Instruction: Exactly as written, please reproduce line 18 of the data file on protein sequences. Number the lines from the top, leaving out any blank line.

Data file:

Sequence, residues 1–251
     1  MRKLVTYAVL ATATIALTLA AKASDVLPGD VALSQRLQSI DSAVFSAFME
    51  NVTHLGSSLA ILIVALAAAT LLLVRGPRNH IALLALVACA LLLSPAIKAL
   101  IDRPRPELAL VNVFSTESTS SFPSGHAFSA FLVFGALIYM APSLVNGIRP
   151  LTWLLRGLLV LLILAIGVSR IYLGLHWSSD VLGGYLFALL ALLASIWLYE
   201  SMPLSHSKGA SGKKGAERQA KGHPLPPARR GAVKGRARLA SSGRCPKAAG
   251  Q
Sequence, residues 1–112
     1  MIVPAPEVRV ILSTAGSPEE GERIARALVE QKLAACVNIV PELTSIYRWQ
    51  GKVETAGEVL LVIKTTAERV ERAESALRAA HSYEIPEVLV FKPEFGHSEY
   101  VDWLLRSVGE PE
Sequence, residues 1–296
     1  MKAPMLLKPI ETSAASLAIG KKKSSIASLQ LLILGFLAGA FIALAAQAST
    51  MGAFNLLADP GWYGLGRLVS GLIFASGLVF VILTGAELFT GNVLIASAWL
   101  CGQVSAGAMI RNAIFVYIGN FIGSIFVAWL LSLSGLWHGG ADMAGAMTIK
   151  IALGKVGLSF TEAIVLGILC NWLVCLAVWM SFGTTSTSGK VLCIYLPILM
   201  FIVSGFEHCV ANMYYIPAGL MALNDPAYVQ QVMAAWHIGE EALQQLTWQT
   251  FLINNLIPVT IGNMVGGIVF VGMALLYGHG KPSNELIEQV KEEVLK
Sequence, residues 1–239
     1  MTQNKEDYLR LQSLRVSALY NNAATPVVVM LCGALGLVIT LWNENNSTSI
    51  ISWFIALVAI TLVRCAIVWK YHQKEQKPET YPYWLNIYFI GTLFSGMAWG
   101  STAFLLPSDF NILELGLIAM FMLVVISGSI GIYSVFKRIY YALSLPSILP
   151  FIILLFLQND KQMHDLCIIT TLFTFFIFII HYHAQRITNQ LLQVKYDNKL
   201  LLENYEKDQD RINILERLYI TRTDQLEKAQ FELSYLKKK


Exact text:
   251  FLINNLIPVT IGNMVGGIVF VGMALLYGHG KPSNELIEQV KEEVLK